• A21BAKING; EDIBLE DOUGHS
    • A21DTREATMENT, e.g. PRESERVATION, OF FLOUR OR DOUGH, e.g. BY ADDITION OF MATERIALS; BAKING; BAKERY PRODUCTS; PRESERVATION THEREOF
    • A21D13/00Finished or partly finished bakery products
    • A21D13/30Filled, to be filled or stuffed products
    • A21D13/37Co-extruded products, i.e. products obtained by simultaneous extrusion of the dough and the filling
    • AHUMAN NECESSITIES
    • A21BAKING; EDIBLE DOUGHS
    • A21DTREATMENT, e.g. PRESERVATION, OF FLOUR OR DOUGH, e.g. BY ADDITION OF MATERIALS; BAKING; BAKERY PRODUCTS; PRESERVATION THEREOF
    • A21D15/00Preserving finished, partly finished or par-baked bakery products; Improving
    • A21D15/02Preserving finished, partly finished or par-baked bakery products; Improving by cooling, e.g. refrigeration, freezing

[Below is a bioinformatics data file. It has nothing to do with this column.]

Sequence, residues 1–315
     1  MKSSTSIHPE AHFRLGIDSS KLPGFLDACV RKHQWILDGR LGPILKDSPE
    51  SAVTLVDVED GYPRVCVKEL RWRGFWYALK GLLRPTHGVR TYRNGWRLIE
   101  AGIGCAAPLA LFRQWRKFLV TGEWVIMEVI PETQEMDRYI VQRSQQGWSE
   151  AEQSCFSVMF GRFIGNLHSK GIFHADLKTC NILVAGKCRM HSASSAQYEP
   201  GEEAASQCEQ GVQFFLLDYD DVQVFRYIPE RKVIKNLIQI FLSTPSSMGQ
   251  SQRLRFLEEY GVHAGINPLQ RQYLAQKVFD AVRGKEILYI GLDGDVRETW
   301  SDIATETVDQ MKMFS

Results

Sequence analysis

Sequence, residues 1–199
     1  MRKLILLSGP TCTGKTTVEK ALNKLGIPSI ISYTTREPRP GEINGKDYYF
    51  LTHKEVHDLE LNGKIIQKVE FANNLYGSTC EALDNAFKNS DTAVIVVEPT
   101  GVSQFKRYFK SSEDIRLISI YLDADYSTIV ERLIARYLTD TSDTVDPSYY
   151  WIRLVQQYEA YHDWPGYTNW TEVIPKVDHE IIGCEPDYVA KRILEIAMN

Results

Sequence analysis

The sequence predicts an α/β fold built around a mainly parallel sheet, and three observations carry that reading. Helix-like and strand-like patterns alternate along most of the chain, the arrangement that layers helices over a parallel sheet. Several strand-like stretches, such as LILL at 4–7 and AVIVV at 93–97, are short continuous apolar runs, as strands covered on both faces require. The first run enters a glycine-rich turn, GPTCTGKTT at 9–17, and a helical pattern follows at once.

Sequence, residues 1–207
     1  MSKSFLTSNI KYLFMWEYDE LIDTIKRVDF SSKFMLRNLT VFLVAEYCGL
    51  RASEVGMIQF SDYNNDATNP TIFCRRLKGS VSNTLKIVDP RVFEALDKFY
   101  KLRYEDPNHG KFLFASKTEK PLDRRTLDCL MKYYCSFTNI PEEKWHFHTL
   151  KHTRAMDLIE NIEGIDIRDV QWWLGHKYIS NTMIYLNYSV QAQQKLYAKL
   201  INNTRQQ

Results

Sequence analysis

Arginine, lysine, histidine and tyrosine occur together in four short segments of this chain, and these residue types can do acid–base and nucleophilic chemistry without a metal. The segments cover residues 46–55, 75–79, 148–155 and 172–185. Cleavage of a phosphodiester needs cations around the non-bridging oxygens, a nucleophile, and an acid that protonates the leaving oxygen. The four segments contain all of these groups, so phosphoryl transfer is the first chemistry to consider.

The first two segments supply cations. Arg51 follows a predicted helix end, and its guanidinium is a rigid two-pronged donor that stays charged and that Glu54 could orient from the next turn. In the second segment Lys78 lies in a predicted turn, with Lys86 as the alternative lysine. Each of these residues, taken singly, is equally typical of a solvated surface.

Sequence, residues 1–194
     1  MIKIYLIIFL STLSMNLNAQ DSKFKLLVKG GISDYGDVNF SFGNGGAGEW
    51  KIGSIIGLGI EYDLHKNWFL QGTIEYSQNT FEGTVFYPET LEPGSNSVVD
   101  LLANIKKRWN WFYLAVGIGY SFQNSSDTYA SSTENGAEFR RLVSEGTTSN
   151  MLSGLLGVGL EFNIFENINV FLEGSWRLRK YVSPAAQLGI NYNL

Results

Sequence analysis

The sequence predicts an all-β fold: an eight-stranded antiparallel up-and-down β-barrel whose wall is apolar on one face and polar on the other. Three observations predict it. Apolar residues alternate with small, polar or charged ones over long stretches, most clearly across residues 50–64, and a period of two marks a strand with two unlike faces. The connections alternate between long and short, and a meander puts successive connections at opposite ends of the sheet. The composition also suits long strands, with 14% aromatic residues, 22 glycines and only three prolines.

• AHUMAN NECESSITIES
    • A21BAKING; EDIBLE DOUGHS
    • A21DTREATMENT, e.g. PRESERVATION, OF FLOUR OR DOUGH, e.g. BY ADDITION OF MATERIALS; BAKING; BAKERY PRODUCTS; PRESERVATION THEREOF
    • A21D6/00Other treatment of flour or dough before baking, e.g. cooling, irradiating, heating
    • A21D6/001Cooling

Abstract

An improved system and method for the production of a bread product is disclosed. The method may comprise the steps of (a) mixing a first set of ingredients into a first dough component; (b) forming the first dough component into a dough base in a fixture in a molding operation; (c) forming a distinct cavity in the base with a cavity-forming operation; (d) finishing the bread product. The system may comprise (a) a mixing station for mixing a first set of ingredients into a first dough component; (b) a forming station for forming the first dough component into a dough base having a form and a distinct cavity formed by a cavity-forming operation; and (c) a dough finishing station for finishing the bread product into a finished bread product. The bread product when finished by baking comprises a crumb provided by the dough base and the distinct cavity formed by the cavity-forming operation.